On Sunday, House Majority Whip James E. Clyburn (D-S.C.) said that, while House Democrats would take up articles of impeachment this week against President Trump, the House might delay sending to the Senate any articles passed by the House until after President-elect Biden’s first 100 days in office. Biden proposed an alternative, under which the new Senate would immediately begin working on his legislative agenda and confirming his Cabinet appointments in the mornings and conduct the impeachment trial in the afternoon.
The sequencing of the House impeachment proceedings before Trump’s departure from office and the inauguration of the new president, followed by a Senate impeachment trial, perhaps months later, raises the question of whether a former president can be impeached after he leaves office.
The Constitution itself answers this question clearly: No, he cannot be. Once Trump’s term ends on Jan. 20, Congress loses its constitutional authority to continue impeachment proceedings against him — even if the House has already approved articles of impeachment.
Therefore, if the House of Representatives were to impeach the president before he leaves office, the Senate could not thereafter convict the former president and disqualify him under the Constitution from future public office.
The reason for this is found in the Constitution itself. Trump would no longer be incumbent in the Office of the President at the time of the delayed Senate proceeding and would no longer be subject to “impeachment conviction” by the Senate, under the Constitution’s Impeachment Clauses. Which is to say that the Senate’s only power under the Constitution is to convict — or not — an incumbent president.
The purpose, text and structure of the Constitution’s Impeachment Clauses confirm this intuitive and common-sense understanding.
The very concept of constitutional impeachment presupposes the impeachment, conviction and removal of a president who is, at the time of his impeachment, an incumbent in the office from which he is removed. Indeed, that was the purpose of the impeachment power, to remove from office a president or other “civil official” before he could further harm the nation from the office he then occupies.
The plain text of the Constitution’s several Impeachment Clauses confirms this understanding of this limit on Congress’ impeachment power. For example, Article II, Section 4 of the Constitution reads, “The President, Vice President and all civil officers of the United States, shall be removed from Office on Impeachment for, and Conviction of, Treason, Bribery, or other high Crimes and Misdemeanors.” In the same constitutional vein, Article I, Section 3 provides in relevant part: “Judgment in Cases of Impeachment shall not extend further than to removal from Office, and disqualification to hold and enjoy any Office of honor, Trust or Profit under the United States.”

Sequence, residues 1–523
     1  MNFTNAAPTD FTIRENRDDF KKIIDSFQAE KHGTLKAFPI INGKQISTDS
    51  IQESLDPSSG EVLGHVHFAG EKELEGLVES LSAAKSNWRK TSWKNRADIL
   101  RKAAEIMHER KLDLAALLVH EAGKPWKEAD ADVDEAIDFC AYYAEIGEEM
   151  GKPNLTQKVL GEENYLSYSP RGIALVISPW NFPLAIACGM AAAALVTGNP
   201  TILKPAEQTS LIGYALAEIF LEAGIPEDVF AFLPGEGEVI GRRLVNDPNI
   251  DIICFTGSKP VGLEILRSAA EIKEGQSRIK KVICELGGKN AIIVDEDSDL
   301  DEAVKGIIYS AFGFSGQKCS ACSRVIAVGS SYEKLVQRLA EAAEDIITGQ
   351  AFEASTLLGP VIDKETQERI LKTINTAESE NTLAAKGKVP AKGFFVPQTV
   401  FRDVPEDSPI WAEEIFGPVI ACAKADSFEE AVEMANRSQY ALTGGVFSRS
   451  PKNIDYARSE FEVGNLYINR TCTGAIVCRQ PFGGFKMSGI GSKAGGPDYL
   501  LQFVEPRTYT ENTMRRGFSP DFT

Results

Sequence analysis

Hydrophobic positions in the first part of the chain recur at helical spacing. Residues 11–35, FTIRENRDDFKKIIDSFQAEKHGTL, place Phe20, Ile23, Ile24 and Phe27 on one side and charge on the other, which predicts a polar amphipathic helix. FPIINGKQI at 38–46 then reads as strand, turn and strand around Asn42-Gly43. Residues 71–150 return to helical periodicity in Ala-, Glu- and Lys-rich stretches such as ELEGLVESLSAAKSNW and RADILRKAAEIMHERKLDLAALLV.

It has been suggested that the Senate could proceed to try the former president and convict him in an effort to disqualify him from holding public office in the future. This is incorrect because it is a constitutional impeachment of a president that authorizes his constitutional disqualification. If a president has not been constitutionally impeached, then the Senate is without the constitutional power to disqualify him from future office.
Some constitutional scholars take support for their view that the Congress can impeach a former president from two instances in which early Congresses impeached “civil officials” after they had resigned their public offices — the impeachments of Sen. William Blount in 1797 and the impeachment of Secretary of War William Belknap in 1876.
These congressional impeachment cases provide some backing for the argument that Congress can conclude that it has the power under the Constitution to impeach a former president. And Congress’s understanding of its constitutional powers would be a weighty consideration in the ultimate determination whether the Congress does possess such authority. When and if the former president goes to court to challenge his impeachment trial as unconstitutional, Congress is sure to make its argument based on these congressional precedents, as well as others, a case that would almost certainly make its way to the Supreme Court.
In the end, though, only the Supreme Court can answer the question of whether Congress can impeach a president who has left office prior to its attempted impeachment of him. It is highly unlikely the Supreme Court would yield to Congress’s view that it has the power to impeach a president who is no longer in office when the Constitution itself is so clear that it does not.